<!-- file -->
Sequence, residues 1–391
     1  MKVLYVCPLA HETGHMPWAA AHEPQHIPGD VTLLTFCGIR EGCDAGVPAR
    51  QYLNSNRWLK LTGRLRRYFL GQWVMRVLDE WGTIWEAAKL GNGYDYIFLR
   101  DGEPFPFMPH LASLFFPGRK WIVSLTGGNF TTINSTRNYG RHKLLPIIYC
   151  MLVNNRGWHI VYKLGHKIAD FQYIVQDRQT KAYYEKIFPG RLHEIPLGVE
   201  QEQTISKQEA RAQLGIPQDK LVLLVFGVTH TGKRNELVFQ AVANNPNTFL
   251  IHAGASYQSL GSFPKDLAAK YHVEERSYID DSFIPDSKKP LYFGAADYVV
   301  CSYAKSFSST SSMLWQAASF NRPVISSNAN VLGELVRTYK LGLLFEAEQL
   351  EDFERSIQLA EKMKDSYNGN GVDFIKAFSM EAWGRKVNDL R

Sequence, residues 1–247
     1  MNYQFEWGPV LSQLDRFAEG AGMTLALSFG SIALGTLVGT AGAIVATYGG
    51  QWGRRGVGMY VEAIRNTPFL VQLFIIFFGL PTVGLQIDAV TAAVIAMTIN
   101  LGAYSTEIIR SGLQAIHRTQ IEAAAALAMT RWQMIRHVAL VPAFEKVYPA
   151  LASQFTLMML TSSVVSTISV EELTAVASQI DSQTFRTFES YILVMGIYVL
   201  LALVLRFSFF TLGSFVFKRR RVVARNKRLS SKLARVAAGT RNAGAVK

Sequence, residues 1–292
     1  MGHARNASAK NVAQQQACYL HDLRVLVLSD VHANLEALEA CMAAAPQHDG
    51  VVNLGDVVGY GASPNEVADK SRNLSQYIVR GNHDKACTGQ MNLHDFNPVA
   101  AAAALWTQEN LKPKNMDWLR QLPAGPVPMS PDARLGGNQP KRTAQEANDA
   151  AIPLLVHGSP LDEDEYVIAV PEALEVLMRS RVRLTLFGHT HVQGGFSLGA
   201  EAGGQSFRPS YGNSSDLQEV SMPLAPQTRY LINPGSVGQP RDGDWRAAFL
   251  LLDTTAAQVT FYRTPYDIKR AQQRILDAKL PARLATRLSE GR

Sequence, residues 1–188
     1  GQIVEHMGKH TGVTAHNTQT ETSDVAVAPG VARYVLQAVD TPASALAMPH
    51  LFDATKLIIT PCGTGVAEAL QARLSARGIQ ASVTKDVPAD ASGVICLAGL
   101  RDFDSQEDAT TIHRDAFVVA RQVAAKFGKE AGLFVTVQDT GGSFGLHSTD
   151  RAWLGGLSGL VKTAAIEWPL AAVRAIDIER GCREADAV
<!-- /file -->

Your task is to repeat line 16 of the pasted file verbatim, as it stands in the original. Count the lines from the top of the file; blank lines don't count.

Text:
Sequence, residues 1–292